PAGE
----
Ezine Archives - 2001 - indevelopment.org

I've been an active participant in the recording industry since 1982.

1982 was the year that I made the decision to buy my first LP, of my own choice with my own money. At the time I was 9 years old, feeling important by using my financial power to help the Australian music industry. Okay, I admit that these thought weren't flowing through my mind when I bought my copy of Midnight Oil's 10,9,8,7,6,5,4,3,2,1. I chose this particular peice of vinyl because at that stage it had spent 52 weeks in the Australian chart and to my young and impressionable mind, this meant that it must be good.

I readies that if I followed the same logic now that I would be buying J.Lo and Brittnay, so I guess I was fortunate my tastes matured.

By the age of 15 I was spending the majority of my disposable income on smokes and records. It made no difference to me that I didn't have a decent record player, I was buying what caught my eye on the strength that I liked the band enough or I supported what the band were doing. By this stage I guess I my philosophy of CD and record buying had shifted to a higher plane: choosing more on philosophy than what the ARIA charts were telling me was the cream.

Next stage came somewhere around the age of 20, when I was introduced to the marvel that is Dixons. Okay, this is just a branding for what second hand CD and record buying is all about.

It's not really about philosophy anymore, it's about collecting. I'd go on a Saturday or Sunday, sometimes on my own, sometimes dragging my little sister along. We'd make the 30 minute car trip to Blackburn and spend the next hour or two flipping through the racks.

My thrill in buying is not the purchase, it's the thrill of the hunt. Things are always worth more when you've had to hunt, beg or fight for them. Most of my proudest additions have come from second hand shopping: a copy of Spinal Tap (the film soundtrack) from Dixons, New Order's Everything's Gone Green from Au Go Go, Prefab Spout's Appetite from a dingy record and book store in Box Hill, Kirsty MacColl's Free World from Antiquarian Records in Camberwell: just to name a few.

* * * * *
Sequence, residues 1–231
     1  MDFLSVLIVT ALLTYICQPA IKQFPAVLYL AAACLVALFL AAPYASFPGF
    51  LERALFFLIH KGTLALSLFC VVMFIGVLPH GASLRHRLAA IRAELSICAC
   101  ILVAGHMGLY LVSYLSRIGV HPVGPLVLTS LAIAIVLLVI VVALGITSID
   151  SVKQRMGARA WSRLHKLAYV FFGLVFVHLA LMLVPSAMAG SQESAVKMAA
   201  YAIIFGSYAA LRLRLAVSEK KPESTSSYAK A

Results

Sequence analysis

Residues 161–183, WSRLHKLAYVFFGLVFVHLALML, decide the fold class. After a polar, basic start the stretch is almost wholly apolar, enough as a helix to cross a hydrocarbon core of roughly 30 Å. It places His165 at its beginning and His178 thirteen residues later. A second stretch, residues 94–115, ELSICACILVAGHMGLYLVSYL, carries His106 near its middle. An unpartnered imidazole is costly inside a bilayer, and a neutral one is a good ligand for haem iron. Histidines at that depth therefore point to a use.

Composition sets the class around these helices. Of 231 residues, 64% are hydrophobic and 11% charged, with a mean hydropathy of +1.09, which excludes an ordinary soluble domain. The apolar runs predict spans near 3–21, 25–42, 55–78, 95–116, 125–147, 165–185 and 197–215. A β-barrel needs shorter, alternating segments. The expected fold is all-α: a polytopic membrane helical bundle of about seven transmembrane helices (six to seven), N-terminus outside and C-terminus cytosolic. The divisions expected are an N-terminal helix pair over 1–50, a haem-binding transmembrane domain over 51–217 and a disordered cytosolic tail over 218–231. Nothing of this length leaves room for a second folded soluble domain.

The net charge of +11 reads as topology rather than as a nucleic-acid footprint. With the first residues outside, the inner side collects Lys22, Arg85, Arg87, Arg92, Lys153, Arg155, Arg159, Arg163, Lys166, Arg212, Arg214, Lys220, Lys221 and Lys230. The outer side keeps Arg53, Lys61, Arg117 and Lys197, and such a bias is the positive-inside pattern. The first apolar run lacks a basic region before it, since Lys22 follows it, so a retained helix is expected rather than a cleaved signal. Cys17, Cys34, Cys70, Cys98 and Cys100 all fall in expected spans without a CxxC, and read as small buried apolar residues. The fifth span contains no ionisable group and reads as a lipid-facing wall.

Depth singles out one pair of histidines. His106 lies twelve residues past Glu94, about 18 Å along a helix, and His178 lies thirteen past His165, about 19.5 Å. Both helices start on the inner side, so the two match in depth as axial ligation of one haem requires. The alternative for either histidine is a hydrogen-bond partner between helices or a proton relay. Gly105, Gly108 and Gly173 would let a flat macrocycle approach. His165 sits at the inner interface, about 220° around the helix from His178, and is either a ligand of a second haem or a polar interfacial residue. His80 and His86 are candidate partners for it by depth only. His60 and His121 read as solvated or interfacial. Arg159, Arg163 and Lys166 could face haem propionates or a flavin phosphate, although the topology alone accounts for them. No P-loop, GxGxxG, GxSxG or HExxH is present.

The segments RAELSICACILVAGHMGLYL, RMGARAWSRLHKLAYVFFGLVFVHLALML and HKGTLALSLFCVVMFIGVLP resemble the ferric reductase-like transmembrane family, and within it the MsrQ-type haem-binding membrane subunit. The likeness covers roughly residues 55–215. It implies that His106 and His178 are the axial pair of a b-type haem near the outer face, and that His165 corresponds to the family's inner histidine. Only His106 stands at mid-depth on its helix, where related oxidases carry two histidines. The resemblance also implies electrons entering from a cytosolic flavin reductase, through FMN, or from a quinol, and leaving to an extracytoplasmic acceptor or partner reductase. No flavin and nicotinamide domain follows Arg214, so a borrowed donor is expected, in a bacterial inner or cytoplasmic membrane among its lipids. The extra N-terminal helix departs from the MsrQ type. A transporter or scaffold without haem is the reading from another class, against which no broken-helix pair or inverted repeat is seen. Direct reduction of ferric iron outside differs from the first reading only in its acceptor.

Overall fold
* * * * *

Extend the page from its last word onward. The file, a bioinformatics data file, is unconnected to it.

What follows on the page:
I guess the point I'm trying to make is that Napster, which I regularly use, has not stopped me spending money on music. The fact that I've grown older and have to spend my money on things we lump as "the cost of living" has stopped me spending money on music. The fact that I've been unable to acquire things I want for my collection due to them being too scarce has stopped me spending money on music.

If I had to break it down to one thing, I would have to say that I'm now a collector of music more than anything. I still buy, It's just I don't buy brand new anymore unless it really catches my fancy. I've been buying records again in the last 12 months because I've found a great store. I've also been downloading songs I haven't been able to find but do you know what: If I see a copy of She Comes in the Fall I will buy it.

Napster is helping to keep memories alive, to keep songs alive.

Napster isn't destroying music, if anything it's making the machines more accountable for the rubbish they promote and sell to us. My heart doesn't bleed for Metallica, at least not until the day when a 14 year old kid can download a "Master of Puppets" T-shirt.

I'll still value an old 45 over an MP3 any day, though...

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